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Bar News - August 20, 2014

Opinion: Soccer Games, Piano Tops and Rules That Are Made To Be Broken


I never liked soccer when I was young. A game requiring that you hit a large ball with your head hardly screamed ďplay meĒ to a kid who needed glasses to see his own two feet. But that didnít stop me from joining many others who took a sporting interest in this summerís World Cup. I think I was rooting for Ghana. I couldnít really tell. The games were a big green blur.

A boring blur, in fact. Too much running with too little effect. So I read a few articles about it, to understand why the rest of the world loves this activity and we Americans do not. It turns out there are many theories. Some believe itís a matter of custom; that once we play it, weíll like it. Some say we need physical violence to be entertained. And some think it moves too slowly for our pea-brained attention spans. (What?)

But I also learned that high-level players often pretend to be injured, to gain advantage on the field; that the players actively distrust the referees; and that the referees have a terrific amount of power, including the ability to extend play in what often seems like arbitrary fashion. You can reach the end of the game and be given extra time; you can want extra time, and find you are done. In short, the rules of soccer seem malleable in a way that the rules of football and baseball do not. And that has to matter.

I remember visiting a friend in Germany before the wall came down. We went to a club, and there was nowhere to park, so he rode his car onto the sidewalk where many other cars were also perched. He explained they didnít have much parking in Berlin so the locals simply parked wherever they could. No, the police did not mind. And if someone parked behind you, blocking you in, they would leave their key in their ignition so you could move their car as necessary. A beautiful system, and a completely lawless one. When I showed my surprise at that, he further explained to me that Germans had great experience with rules and as a result they did not much respect them.

That also sounded odd to me at first, of course, because Germany is probably the most well-ordered nation in the western world. But I soon realized that a countryís government is separate from its culture. Cultures last and last in Europe. They stay in place across centuries. Yet the governments on that continent tend to come and go. France does us the courtesy of counting its republics; they are up to number five by now. Italy and Germany and Spain donít bother. Their changes have come too often and been too complete. I believe it is true, then, that the continental way is to not overly care about rules. They see them as man-made, utilitarian things, only as good as the results they give you, unless those rules are cultural ones, in which case they belong on a different level.

Contrast our American land, where culture changes not only decade by decade, but also city to city, and family to family Ė while our form of government has become sacrosanct. We hold our Constitution to be above the grit and the grime of life. We think our rules are special.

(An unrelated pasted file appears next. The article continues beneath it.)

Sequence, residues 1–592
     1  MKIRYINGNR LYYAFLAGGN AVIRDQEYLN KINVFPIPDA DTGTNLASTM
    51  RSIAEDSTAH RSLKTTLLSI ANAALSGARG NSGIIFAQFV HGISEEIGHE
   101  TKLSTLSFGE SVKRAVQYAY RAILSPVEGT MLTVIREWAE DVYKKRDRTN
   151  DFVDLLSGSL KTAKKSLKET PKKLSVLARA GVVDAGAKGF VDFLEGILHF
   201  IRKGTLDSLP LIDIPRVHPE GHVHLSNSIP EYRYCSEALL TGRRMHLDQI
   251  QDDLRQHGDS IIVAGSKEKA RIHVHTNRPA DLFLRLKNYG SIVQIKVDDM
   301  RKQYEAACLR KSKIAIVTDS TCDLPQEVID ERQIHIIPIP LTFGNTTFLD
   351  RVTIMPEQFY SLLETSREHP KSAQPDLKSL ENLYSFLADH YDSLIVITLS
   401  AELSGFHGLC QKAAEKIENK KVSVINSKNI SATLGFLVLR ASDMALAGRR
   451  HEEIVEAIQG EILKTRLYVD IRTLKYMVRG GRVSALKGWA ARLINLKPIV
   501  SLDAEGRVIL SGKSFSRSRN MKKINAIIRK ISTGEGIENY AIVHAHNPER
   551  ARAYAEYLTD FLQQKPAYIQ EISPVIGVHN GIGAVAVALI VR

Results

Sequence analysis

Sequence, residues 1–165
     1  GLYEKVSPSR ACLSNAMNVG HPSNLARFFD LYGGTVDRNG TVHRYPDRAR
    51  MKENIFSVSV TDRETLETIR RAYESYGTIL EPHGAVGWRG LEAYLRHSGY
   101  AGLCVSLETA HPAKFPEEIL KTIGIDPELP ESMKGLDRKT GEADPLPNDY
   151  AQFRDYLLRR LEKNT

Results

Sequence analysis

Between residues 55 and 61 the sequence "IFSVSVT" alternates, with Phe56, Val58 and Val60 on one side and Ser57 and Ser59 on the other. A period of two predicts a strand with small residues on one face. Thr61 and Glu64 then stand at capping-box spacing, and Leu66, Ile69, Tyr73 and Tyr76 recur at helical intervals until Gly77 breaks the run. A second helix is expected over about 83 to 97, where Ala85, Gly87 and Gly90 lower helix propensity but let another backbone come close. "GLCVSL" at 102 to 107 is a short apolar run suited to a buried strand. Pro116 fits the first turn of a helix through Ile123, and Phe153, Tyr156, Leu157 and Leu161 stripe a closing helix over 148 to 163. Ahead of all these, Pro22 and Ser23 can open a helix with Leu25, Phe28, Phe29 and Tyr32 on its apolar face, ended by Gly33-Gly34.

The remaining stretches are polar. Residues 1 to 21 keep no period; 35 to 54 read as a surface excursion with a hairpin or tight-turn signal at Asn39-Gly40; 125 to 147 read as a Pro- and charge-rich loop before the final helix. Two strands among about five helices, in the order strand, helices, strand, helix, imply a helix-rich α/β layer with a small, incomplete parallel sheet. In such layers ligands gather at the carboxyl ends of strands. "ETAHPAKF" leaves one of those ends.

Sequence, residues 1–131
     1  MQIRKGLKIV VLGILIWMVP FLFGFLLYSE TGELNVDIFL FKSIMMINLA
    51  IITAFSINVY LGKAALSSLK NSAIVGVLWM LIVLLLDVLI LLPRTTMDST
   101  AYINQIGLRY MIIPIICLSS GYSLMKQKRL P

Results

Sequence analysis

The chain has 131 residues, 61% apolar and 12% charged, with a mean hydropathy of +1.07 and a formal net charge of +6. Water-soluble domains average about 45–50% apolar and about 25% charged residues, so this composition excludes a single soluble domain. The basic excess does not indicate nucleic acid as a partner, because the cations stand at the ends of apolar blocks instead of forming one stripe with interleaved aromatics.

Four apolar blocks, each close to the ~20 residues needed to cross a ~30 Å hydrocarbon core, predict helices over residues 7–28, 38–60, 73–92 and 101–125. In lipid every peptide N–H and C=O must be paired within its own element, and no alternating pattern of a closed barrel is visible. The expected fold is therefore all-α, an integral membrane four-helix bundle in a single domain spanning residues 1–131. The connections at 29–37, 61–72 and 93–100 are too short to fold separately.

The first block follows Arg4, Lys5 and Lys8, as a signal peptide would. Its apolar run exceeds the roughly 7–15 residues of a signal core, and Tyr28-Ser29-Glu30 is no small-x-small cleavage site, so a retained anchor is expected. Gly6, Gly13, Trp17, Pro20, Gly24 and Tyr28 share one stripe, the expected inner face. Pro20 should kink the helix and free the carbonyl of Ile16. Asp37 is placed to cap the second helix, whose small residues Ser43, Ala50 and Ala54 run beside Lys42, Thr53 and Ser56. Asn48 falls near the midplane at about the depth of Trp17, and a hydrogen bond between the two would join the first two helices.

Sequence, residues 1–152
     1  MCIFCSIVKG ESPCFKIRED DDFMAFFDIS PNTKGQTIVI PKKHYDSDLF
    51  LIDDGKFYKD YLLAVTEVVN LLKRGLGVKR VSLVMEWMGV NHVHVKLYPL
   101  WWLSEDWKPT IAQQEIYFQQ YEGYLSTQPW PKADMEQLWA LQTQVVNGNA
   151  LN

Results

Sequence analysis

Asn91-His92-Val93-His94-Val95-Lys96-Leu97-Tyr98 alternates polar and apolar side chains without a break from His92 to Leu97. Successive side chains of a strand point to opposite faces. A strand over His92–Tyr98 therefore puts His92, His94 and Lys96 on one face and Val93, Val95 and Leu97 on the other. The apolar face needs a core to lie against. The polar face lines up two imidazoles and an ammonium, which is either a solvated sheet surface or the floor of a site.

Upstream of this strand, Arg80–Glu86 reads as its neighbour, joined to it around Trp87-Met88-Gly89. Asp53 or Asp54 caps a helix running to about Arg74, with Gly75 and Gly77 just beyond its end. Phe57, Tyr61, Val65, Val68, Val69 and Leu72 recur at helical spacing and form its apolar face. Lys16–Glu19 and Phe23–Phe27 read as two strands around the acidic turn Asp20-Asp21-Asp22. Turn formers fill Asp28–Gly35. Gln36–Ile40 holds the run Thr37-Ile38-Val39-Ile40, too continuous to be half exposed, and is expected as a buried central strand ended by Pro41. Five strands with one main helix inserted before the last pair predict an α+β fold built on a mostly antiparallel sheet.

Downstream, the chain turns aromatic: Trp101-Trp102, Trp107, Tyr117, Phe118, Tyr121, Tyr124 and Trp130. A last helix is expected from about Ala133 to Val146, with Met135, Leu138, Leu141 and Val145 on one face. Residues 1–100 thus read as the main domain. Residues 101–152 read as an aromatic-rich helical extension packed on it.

And maybe they are. Another memento of the European attitude: in law school, in Michigan, waiting to enter a concert hall with a friend from Slovakia, who could not believe she was doing just that: standing in line. It took all her will power to not walk to the front, find someone she knew, and cut in. She felt that our not doing so meant we were fools. I tried to explain ďfairnessĒ to her, and she thought I was joking. Yet fairness matters to us Americans. Our biggest battles Ė with each other, and with the world Ė concern little else.

In many other ways, however, our love of rules harms us. Because we sometimes lose sight of the simple fact that rules are fallible and donít always work. When Governor Rockefeller of New York changed his stateís drug laws to call for harsh penalties, for instance, it was a disaster for untold thousands of young men. It had terrible racial and class overtones. It was seen as unfair and brutal, from the beginning. Yet if his error canít be held against him, because he had the best of intentions, why has it taken 40 years for the federal government to begin fixing that mess? Because Rockyís mistake became entrenched. It became the rule others followed.

The famous engineer Buckminster Fuller once wrote of a man on a giant ship, whose vessel went down in a terrible storm, and who later found a piano floating past him in the open sea, a piece of furniture from the wreckage of his craft. He climbed on board and he made it to safety. And his descendants, ever after, made boats in the shape of piano tops. Not because they worked well; they didnít. But because they had inherited the idea that boats had to look like piano tops.

Our society is filled with piano tops. From our criminal courts to our healthcare system, from our transportation and farm policies to our housing and our banks. And sometimes it seems like only the Tea Party is calling for radical change in the way Buckminster Fuller suggested was necessary for our society to progress. So another tip oí the hat to the Tea Party, today.

With a suggestion that we should all watch more soccer on television, too. Itís boring, but it gives you time to think.

Michael Davidow is a staff attorney at the NH Public Defender office in Nashua and the author of Split Thirty, a novel about politics and advertising. The authorís opinions are his own and do not represent the opinions of his employer, or the NH Bar Association.

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